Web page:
BT: Doubled down on canvas. Built social apps. This year we view the growth of mobile as something we want to invest in more, building the team around it.
JS: What about Deals? How’s the working?
BT: Happy with it.
JS: Without more details on those products, what should developers be thinking?
BT: Mobile is inherently social. Already filled with contacts. Primary function is communication device. Location. My sense is those that build experiences with platforms in mind. Applications that are optimized for mobile and social altogether — we’ll continue to see really innovative apps. Really fluid integration.
JS: Open Graph launched months ago. Has meant that Facebook is getting a lot of data about people’s interests across the web. How is Facebook using that data for ad targeting, search, other information?
BT: Not about Facebook getting the data, about helping people share. About helping people connect.
JS: People thinking about building for social commerce, Ads API. Any more context around other opportunities?
BT: Two primary ways to help people use the social platform. Use distribution. But also personalization. You can use Likes and Interests to personalize site. A little less sexy than growth rate, but about creating sustainable business. That’s really compelling. Really great for all the apps you do. Clicker is a good example.
JS: What about what Facebook is planning?
BT: Making life easier, helping developers to do the right thing. To the degree that we can build APIs. Simplest way to use them is the right way to use them.
JS: Obviously Facebook’s approach to the platform has had to evolve. Some people in the audience have spoken with the policy team, Friday at 5:30.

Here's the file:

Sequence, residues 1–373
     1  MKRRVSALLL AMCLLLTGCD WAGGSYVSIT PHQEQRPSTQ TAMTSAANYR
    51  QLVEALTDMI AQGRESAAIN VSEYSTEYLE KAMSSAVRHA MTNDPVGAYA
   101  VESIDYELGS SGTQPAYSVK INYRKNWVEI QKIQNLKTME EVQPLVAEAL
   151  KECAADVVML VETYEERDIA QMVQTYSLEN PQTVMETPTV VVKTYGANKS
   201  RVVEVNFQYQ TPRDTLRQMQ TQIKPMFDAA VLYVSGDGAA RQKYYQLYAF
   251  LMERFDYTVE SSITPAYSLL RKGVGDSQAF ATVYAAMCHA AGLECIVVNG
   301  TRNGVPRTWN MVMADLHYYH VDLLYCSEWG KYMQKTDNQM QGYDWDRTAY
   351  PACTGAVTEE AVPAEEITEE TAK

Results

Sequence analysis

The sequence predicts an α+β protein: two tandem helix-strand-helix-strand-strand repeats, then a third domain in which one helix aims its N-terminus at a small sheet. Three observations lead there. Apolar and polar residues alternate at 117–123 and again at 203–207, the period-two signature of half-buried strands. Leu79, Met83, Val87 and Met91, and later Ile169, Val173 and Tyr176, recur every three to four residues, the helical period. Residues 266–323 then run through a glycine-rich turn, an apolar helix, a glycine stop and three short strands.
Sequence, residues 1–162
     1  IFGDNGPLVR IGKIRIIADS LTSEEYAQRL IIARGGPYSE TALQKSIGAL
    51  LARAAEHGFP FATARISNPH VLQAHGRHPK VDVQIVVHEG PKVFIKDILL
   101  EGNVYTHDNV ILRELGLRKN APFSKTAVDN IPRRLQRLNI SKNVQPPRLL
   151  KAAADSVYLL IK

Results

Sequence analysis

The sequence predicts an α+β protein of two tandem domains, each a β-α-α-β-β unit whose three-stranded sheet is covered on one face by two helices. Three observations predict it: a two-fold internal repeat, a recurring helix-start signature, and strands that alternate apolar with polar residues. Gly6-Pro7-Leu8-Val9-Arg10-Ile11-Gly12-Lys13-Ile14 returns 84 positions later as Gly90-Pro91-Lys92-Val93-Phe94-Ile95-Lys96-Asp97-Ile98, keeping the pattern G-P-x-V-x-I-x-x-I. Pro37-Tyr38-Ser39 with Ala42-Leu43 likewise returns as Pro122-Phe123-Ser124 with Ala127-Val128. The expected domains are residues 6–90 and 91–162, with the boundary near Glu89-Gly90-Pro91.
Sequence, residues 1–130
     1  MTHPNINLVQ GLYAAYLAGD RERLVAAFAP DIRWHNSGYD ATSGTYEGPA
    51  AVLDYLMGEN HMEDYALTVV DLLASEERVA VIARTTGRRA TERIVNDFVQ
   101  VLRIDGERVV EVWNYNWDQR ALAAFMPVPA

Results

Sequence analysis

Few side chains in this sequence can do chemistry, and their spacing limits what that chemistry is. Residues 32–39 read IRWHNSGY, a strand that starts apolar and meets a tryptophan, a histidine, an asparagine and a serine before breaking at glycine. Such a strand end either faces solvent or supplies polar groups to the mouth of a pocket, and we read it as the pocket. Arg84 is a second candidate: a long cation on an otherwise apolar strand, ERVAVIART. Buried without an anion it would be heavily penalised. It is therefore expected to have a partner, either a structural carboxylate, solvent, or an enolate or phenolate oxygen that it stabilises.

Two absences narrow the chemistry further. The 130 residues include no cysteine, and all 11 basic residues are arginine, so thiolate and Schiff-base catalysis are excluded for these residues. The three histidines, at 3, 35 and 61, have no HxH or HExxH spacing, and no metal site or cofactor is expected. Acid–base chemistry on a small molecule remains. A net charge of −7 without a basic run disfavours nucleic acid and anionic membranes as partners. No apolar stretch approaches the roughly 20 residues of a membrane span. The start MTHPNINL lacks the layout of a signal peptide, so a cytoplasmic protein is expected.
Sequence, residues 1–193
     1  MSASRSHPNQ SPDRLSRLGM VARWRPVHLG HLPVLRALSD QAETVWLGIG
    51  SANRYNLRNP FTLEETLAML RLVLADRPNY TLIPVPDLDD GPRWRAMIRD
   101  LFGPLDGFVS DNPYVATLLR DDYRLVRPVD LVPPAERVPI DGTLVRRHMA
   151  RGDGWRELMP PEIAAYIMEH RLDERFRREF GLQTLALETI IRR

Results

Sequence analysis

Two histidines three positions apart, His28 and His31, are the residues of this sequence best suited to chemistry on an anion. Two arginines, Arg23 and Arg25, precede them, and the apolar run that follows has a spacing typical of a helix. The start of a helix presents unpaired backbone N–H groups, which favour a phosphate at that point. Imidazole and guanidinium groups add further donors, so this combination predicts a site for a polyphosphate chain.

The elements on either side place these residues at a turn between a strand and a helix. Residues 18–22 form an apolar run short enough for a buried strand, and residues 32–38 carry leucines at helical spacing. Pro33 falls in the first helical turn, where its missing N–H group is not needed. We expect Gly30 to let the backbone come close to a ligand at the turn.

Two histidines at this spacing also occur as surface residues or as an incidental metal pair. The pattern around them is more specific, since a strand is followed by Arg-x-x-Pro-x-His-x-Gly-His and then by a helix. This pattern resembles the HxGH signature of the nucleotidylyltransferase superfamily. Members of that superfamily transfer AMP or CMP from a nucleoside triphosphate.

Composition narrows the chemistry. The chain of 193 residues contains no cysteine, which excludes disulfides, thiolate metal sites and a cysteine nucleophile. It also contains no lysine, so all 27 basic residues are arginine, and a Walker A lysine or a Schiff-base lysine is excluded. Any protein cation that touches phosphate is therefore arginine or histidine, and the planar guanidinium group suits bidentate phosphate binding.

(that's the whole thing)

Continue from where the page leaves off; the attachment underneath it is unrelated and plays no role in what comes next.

BT: Automating detection, like controlling spam. Over time, we’d like to continue to increase. Really simple feedback, emails from people, like regulating interactions. Think we’ve made a lot of
JS: Some pretty severe punishments on developers in October. Seen a decrease since then?
BT: Last year we reduced spam by 95%, reduced other, also reduced enforcement actions.
Audience question: With latest round of funding, IPO, interesting to me that Microsoft has been pretty absent in terms of conversations. If you had a chance to sit down with Bill Gates.
BT: Did a good job of building developer team, always focused on that. We think about it the same way. Gates would also ask me “who are you?”
Audience question: Been a lot of growth of video platforms, users using video. What is on the roadmap to raise that growth. Lot of photos. What more opportunities?
BT: What new products? Build new products into Facebook that will have more impact to the platform. Why we built location. Why we felt it would have impact. In terms of video, enabling people to share privately more effectively. One of the most common uses — family groups, mailings lists, lots of photo and video sharing. As we hone sharing, we’ll see increased sharing.
Audience question: How is Facebook going to improve location, such as making it searchable?
BT: High quality location databases has been a painpoint for developers; I worked on Google Maps and it was a pain then, pain now. We’re looking to provide a suite of location services that makes it easier to develop on.
JS: How long for it to build usable database?
BT: No intuition, but something that is core focus of team as we expand internationally. One of the interesting things is that a lot of locations being added by users.
Audience question: Advice for small and medium sized developers in face of lack of documentation on API.
BT: Improving now, long way to go as illustrated by the clapping in the API. In the spirit of building up the platform team, that’s one of the teams that we’re building up — also working on forum posts and bug reports. Hopefully significant improvement in last six months.